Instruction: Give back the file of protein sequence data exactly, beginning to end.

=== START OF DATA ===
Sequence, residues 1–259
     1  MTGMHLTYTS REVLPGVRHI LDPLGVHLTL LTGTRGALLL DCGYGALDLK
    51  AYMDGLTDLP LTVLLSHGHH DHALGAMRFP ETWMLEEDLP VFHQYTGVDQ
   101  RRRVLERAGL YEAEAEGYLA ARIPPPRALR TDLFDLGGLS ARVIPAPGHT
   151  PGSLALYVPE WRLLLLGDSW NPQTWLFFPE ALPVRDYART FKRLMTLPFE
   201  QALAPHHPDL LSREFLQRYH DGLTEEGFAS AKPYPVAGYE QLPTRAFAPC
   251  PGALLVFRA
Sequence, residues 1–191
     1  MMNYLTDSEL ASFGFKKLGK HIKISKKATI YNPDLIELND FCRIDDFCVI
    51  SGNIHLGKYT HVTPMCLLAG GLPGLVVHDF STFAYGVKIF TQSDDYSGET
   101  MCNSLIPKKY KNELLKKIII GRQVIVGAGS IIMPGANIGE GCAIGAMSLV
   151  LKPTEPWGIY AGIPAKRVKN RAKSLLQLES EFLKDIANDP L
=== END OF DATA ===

Sequence, residues 1–259
     1  MTGMHLTYTS REVLPGVRHI LDPLGVHLTL LTGTRGALLL DCGYGALDLK
    51  AYMDGLTDLP LTVLLSHGHH DHALGAMRFP ETWMLEEDLP VFHQYTGVDQ
   101  RRRVLERAGL YEAEAEGYLA ARIPPPRALR TDLFDLGGLS ARVIPAPGHT
   151  PGSLALYVPE WRLLLLGDSW NPQTWLFFPE ALPVRDYART FKRLMTLPFE
   201  QALAPHHPDL LSREFLQRYH DGLTEEGFAS AKPYPVAGYE QLPTRAFAPC
   251  PGALLVFRA
Sequence, residues 1–191
     1  MMNYLTDSEL ASFGFKKLGK HIKISKKATI YNPDLIELND FCRIDDFCVI
    51  SGNIHLGKYT HVTPMCLLAG GLPGLVVHDF STFAYGVKIF TQSDDYSGET
   101  MCNSLIPKKY KNELLKKIII GRQVIVGAGS IIMPGANIGE GCAIGAMSLV
   151  LKPTEPWGIY AGIPAKRVKN RAKSLLQLES EFLKDIANDP L